URGENT IN NEED OF A (FOSTER) HOME!! – Collin & Farrell

Collin and Farrell are very scared!! We had to catch them in a small village near Zamora and it took some time before we caught them. Now they are safe at Scooby but this is not the right place for these traumatized dogs. A busy shelter with too many dogs and loud noises is no place where Collin and Farrell will get better. We do what we can, but look at these poor souls, lying inside the house all day, shaking. They need a home! A real (foster) home, where they can learn to relax, trust people and hopefully start to enjoy life. Can you please help them?! Thank you.
VIDEO of Collin and Farrell:


Scooby’s work at the coalface of an enormous stray dog problem in Spain.

In the first four months of 2017 we have rescued 636 dogs, not all of them came here to the shelter in Medina del Campo, but many of them did. Here in Spain stray dogs are taken from the streets in different ways. It can be done by municipal pounds, mainly in big cities like Madrid, but normally this job is done by private organisations.  They could be animal welfare organisations like us or any other kind of organisation.  Normally the “other kind” are private companies, looking only for money, not caring about animal welfare and trying to do the job in the cheapest possible way to maximise profit.  It means a lack of food, no care, no vet care, 21 days and then euthanasia. We, the Scooby people, from the beginning decided that wherever there could be a chance to take those contracts we would, always trying not to go to too many places so that the situation remains manageable.  This does mean quite a lot of work, lots of paperwork (and the bureaucracy is always increasing) frequent driving to pick up stray dogs who are not always easily approached.  The revenue from the contract does of course contribute but it is still less than one third of our annual income.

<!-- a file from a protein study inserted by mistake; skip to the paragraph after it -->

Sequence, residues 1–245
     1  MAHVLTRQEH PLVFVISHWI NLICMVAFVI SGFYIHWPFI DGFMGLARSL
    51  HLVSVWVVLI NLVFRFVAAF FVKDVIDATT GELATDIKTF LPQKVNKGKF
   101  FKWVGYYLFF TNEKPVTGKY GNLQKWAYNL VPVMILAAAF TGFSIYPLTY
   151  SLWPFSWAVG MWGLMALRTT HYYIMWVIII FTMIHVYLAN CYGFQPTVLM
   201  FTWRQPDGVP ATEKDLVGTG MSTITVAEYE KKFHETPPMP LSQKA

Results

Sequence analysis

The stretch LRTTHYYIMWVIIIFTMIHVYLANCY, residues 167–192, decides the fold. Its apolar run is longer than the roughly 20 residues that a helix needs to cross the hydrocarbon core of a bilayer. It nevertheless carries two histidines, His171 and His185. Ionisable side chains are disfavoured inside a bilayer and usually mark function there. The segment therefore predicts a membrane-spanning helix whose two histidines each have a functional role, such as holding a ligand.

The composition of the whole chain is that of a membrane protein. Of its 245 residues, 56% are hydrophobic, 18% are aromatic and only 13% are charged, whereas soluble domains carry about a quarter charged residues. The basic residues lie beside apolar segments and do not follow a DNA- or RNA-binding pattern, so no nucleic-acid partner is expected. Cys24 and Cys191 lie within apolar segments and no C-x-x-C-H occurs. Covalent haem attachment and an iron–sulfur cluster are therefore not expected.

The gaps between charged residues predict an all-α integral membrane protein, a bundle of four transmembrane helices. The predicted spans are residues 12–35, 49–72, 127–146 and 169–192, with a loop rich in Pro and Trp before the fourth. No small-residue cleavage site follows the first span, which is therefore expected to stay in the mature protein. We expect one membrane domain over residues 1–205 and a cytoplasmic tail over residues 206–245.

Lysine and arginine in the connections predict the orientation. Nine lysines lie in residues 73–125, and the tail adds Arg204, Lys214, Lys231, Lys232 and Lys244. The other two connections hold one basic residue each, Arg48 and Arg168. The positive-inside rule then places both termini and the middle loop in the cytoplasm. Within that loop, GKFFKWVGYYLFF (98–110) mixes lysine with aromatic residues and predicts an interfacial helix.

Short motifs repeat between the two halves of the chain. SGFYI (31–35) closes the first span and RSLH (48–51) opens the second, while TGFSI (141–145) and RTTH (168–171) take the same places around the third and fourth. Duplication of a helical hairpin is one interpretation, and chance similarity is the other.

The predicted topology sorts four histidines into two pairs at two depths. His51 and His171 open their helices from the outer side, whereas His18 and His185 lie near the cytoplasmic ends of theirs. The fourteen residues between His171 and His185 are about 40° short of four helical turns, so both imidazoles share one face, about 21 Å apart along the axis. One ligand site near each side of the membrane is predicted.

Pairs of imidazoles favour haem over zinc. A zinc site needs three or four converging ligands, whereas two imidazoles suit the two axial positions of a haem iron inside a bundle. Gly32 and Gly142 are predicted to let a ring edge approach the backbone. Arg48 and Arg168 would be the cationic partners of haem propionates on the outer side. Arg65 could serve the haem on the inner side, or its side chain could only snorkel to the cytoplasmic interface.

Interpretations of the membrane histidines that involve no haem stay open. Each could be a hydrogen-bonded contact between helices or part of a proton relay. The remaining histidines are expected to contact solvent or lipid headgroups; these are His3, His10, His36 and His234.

Why am I explaining this?   Simply so that you can have an idea about what is going on here and what we confront at the coalface day in and day out:  Four – five  new dogs per day and this is every single day of the year. Among these dogs we receive all kinds of dogs.  We cannot refuse anyone and we don’t selectively rescue, i.e. we do not take only the prettiest or the cutest - easy to home.  We take every dog in need, including newborns abandoned in the streets and countryside.  Here we have dogs that have killed humans the hands of irresponsible and dysfunctional domestic owners, fighting dogs, pregnant bitches and, of course, most of them are adorable dogs looking for a second chance in life.  Our main goal has been always the benefit of them.  Also something we are very clear about is that a cage or confined kennel is not life for anyone, humans or animals. It can be a golden prison but prison it is. So we are absolutely clear that a life in those conditions is not a life and then it is better to be dead, at peace.
And this is the crunch, often a contentious point, this is our euthanasia policy.  We believe that euthanasia has a place in animal welfare. We euthanise dogs that are aggressive to humans and dogs that are aggressive to other dogs.  If a pregnant bitch comes into Scooby, we spay her and we abort the puppies.   All of this is not pleasant but we must be realistic, we cannot accommodate another 6 - 8 dogs and we cannot home them as well as the shelter dogs who are already here.  Not being able to home them and leaving them in a cage or a confined kennel is not a life.  We have seen so many dogs going crazy in confinement in a kennel that we just don´t want to see it with our dogs.
We realise this is contentious and not everyone will agree.  We are of the opinion that this is the kindest approach and it is part of welfare.  Every member of staff and volunteer is made aware of our policy before they come to Scooby.  We recognise that we may lose supporters who do not agree with our policy.  While we are sorry to lose potential help, donations and people who could contribute to changing life in Spain for animals, then so be it because we have to think of the dogs and the bigger picture.  For those supporters who respect our euthanasia policy and continue to be advocates for the shelter, sending us equipment and items for the dogs, we are extremely grateful.